Join the Robert H. Smith International Center for Jefferson Studies at Monticello for a virtual Fellow's Forum with Linda Binsted, Architect and Architectural Historian.
Thomas Jefferson’s international travels took him to the cities and countryside of England and France but not to Italy, the birthplace of Palladian design. However, his travels never took him to Rome and its classical buildings, nor did he see any works by Palladio firsthand. Yet, through architectural treatises, the prevalent pattern books of the 18th century, visits to architecturally significant structures in America, England and France, and the intellectual thoughts of the day, he came to produce some of the most influential Palladian designs in the still young United States.
Palladio’s villas are visions of smooth planar beauty, crisp whiteness in the Italian piedmont sun. Jefferson’s Palladian work in the Virginia piedmont – Monticello, Poplar Forest and the University of Virginia – are clothed in molded red brick and striped with sand mortar. Other builders and architects of the era studied the same sources as Jefferson and used the same materials to produce worthy Palladian-inspired plans and volumes; however, their detailing of the façade merely replicated the prevalent Georgian and Federalist manner. This presentation examines the pathway Jefferson travelled and the methods he employed to purify the brick edifice to better attain the planar volumes depicted in Palladio’s folios.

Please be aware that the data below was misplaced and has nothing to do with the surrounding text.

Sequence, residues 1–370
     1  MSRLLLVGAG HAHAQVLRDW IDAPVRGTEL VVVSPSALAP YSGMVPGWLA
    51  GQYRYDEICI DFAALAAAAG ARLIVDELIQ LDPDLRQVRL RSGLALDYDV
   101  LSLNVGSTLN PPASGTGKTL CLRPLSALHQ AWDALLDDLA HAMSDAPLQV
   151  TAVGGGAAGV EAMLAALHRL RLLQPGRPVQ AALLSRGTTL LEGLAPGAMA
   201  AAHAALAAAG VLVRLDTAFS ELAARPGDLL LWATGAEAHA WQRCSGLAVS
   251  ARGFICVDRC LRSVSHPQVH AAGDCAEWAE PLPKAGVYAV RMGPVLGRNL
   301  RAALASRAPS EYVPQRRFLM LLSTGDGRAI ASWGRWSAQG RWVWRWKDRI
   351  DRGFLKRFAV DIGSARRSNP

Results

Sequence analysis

About the Speaker
Linda Binsted is a practicing architect working in Washington, DC. Her architectural designs have garnered design awards and appeared in local and national publications. She has conducted seminars focused on the intersection of the design, technology and history of building materials including brick and concrete as well as mid-century urban renewal at American Institute of Architects (AIA) conferences including AIA Washington Chapter’s Design DC and Virginia AIA ArchEx. She is also a graduate of the University of Virginia’s Master’s program in architectural history. As an architectural historian, she has presented her preliminary findings on Jefferson’s brickwork design at the Southeast Chapter of the Society of Architectural Historians (SESAH) regional conference in 2017 and the New Discoveries of Thomas Jefferson’s Architecture and Design symposium sponsored by the University of Virginia in 2018.